Rocket assisted projectile 41 has a generally cylindrical target penetrator of suitable high density material such as steel, tungsten, etc., substantially smaller in diameter than the outer diameter of the projectile case 43, which penetrator iscarried in coaxial relation within thin-walled projectile case 43, being supported and axially secured against axial movement at its rear end by a nozzle block 47 which is fitted with an O-ring seal 57 within projectile case 43. At its forward end,which is preferably tapered for aid in target penetration, the penetrator 45 is press fit within and supported in stabilized coaxial rotation-imparting relation within case 43 and a tubular propellant grain 61 by a forward support block 43f integral withthe projectile case, an O-ring 67 being employed for added sealing capability. A suitable preferably thin-walled windshield 71 may be secured over the nose end of penetrator 45 by threaded engagement, as at 69, with the forward end 43f of case 43.

As an aid to retention of the nozzle block within case 43, a retaining ring or sleeve 46 is threadedly secured, as at 51, within securing skirt 43a and engages the rear end surface of nozzle block 47 in securing relation thereto.

Penetrator 45 is threadedly secured within and carried by nozzle block 47 in coaxial relation to the block 47 and case 43, thereby effectively securing the penetrator against longitudinal slippage relative to the nozzle block and the remainder ofthe projectile 41.

An end burning rocket propellant grain 61 occupies the tubular chamber formed between the projectile case 43 and penetrator 45, having a suitable burn-inhibiting coating or treatment along its radially inner and outer and forward surfaces to aidin assuring progressive rear end burning without undesired spurious lateral or forward end burning.

Propellant grain 61 is ignited by annularly spaced igniter delay plugs 49 secured within and initially sealing corresponding nozzle discharge openings 47a formed in nozzle block 47 and through which the reaction exhaust products from burning ofpropellant grain 61 are discharged after ignition of the propellant grain 61. The igniter plugs 49 serve to enable ignition of the end surface of rocket propellant grain 61, and are themselves ignited from contact by the hot burning gases from thecartridge propellant mix 37 while the projectile is within the case 33 or the barrel bore 13. The igniter plugs serve both to transmit ignition to the rocket grain 61 after a time delay, and to seal the rocket propellant grain and itsprojectile/case/nozzle block-forming containment chamber interior from the very high propellant gas pressures resulting from firing of the cartridge propellant mix, which sealing is effective for a time delay period dependent upon the selectedcomposition of the igniter plugs and the length thereof. This time delay is the total of the time period between ignition of the cartridge propellant mix 37, the subsequent ignition of the igniter plugs by the hot propellant gases and the ultimateburning through of the igniter plugs and ignition of the rocket propellant grain 61. Desirably, the rocket grain 61 is ignited after substantial forward travel of the projectile 41 and resultant reduction of gas pressure acting on the projectile 41, soas to minimize likelihood of improper rocket grain burning, and also to minimize the structural load bearing requirements on the projectile case 43 from internal gas pressures exerted thereon, it being noted that the internal pressures resulting from therocket grain burning may be of the order of 2,000-7,000 psi, whereas the propellant gas burning pressures may peak as high as 50,000 psi or more and reduce thereafter as the projectile progresses down the barrel bore and ultimately exits therefrom.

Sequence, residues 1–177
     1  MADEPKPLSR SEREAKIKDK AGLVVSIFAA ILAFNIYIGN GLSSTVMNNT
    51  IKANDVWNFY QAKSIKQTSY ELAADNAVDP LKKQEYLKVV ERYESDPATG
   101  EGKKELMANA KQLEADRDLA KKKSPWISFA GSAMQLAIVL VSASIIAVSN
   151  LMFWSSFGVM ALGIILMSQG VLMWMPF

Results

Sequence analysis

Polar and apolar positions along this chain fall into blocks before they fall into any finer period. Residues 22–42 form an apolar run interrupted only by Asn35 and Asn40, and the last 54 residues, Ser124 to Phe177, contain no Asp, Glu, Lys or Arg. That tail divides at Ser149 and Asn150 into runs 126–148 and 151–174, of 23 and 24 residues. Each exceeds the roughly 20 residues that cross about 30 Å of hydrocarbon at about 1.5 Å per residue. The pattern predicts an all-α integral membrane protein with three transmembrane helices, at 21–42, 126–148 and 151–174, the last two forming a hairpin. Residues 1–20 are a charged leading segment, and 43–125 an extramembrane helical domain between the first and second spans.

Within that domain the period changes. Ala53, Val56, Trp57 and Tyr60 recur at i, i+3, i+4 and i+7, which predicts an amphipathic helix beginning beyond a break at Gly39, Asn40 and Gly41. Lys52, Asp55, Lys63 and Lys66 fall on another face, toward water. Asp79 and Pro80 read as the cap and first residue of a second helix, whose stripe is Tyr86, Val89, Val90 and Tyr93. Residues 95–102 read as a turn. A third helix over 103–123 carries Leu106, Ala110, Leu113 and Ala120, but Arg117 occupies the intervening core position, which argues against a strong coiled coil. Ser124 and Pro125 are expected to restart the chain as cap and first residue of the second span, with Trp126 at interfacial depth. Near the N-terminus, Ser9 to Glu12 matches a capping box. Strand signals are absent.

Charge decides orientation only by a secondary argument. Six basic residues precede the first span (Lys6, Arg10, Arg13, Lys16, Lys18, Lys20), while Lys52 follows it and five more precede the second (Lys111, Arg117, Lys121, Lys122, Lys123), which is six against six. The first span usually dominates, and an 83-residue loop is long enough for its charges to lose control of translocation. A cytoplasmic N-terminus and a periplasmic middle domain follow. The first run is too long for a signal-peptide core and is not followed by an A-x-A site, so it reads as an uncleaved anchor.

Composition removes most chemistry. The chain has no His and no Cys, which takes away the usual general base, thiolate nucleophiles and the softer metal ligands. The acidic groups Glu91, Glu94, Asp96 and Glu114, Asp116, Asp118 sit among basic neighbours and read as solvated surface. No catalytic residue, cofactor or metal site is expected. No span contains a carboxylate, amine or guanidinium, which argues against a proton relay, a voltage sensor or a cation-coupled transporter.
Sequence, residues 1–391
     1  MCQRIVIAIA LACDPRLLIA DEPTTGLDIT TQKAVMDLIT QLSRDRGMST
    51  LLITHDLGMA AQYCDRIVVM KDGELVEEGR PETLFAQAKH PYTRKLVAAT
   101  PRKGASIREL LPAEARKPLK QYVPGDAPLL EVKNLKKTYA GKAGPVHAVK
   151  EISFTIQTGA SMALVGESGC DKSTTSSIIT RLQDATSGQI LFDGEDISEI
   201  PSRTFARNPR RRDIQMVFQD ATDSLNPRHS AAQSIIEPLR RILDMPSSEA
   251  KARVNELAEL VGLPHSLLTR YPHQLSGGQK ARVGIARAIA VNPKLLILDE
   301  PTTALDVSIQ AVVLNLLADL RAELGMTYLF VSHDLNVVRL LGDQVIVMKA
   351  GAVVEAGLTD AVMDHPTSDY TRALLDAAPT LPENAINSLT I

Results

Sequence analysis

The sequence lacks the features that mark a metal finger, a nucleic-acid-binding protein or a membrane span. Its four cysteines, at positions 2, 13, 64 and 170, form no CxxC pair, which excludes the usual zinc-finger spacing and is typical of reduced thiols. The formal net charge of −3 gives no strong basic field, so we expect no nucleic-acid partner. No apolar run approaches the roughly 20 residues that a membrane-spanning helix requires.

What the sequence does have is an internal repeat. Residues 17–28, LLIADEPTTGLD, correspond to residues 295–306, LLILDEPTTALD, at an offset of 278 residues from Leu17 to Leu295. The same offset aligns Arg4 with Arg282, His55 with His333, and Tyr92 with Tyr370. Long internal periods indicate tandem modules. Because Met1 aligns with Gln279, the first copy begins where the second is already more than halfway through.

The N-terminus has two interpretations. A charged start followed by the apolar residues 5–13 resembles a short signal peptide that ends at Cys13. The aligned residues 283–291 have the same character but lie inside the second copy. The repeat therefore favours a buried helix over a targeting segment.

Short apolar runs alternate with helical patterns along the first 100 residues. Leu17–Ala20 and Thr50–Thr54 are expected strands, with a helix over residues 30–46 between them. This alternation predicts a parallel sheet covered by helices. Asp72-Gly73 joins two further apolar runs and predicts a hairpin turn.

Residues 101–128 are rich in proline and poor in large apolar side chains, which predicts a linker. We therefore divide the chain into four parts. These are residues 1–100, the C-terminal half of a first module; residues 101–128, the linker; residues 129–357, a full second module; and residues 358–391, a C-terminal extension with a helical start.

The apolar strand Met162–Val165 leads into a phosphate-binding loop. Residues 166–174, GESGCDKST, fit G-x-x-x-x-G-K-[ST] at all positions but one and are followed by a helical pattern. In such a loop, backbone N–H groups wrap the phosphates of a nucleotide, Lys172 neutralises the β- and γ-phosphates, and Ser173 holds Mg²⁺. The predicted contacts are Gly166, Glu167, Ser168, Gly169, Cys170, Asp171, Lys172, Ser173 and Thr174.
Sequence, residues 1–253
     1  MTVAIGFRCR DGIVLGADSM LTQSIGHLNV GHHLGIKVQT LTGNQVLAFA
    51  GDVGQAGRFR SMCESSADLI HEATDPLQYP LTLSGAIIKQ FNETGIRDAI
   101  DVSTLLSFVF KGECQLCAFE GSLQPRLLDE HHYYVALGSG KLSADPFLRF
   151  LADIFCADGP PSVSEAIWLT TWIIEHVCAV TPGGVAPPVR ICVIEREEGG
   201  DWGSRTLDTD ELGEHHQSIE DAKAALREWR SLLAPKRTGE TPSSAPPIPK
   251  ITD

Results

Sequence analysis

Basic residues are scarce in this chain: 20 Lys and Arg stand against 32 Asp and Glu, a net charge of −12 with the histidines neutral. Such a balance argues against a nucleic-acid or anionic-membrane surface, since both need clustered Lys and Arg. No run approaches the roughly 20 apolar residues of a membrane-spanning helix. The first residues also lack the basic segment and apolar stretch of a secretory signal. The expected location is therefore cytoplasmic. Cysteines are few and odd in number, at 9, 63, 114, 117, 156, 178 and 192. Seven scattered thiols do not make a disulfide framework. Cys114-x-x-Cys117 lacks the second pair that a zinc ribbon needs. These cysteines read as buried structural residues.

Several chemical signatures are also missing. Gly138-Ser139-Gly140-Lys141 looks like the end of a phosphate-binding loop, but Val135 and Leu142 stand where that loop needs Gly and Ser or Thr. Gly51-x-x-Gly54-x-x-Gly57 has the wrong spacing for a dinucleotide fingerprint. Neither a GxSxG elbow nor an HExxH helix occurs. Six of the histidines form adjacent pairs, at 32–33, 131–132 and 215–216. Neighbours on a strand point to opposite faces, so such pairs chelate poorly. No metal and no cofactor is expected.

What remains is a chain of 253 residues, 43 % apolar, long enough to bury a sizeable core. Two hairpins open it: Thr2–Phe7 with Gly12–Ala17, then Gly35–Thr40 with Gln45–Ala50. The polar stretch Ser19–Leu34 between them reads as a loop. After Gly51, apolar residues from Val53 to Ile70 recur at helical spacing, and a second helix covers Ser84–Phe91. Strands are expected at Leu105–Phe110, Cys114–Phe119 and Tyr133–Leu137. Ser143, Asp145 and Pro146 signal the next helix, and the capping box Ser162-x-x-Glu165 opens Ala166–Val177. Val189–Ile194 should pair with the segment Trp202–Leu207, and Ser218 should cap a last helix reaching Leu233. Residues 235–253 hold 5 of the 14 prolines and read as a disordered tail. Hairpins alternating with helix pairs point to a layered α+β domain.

This coaxial case/grain/penetrator structural arrangement provides a rocket assisted and enclosed rocket grain chamber projectile which does not require a high strength and consequent large volume and weight outer shell or casing, as such chamberand its bounding structure is not required in this arrangement to be subjected to the high pressure internal loads otherwise imposed by the gun propellant gases if such are permitted to immediately enter the rocket grain chamber.

This coaxial projectile construction thus enables employment of a thin-walled shell 43 encompassing a tubular end burning rocket grain 61 within an initially fully sealed chamber during initial propellant burning, while enabling maximizing of therocket grain mass and/or penetrator mass.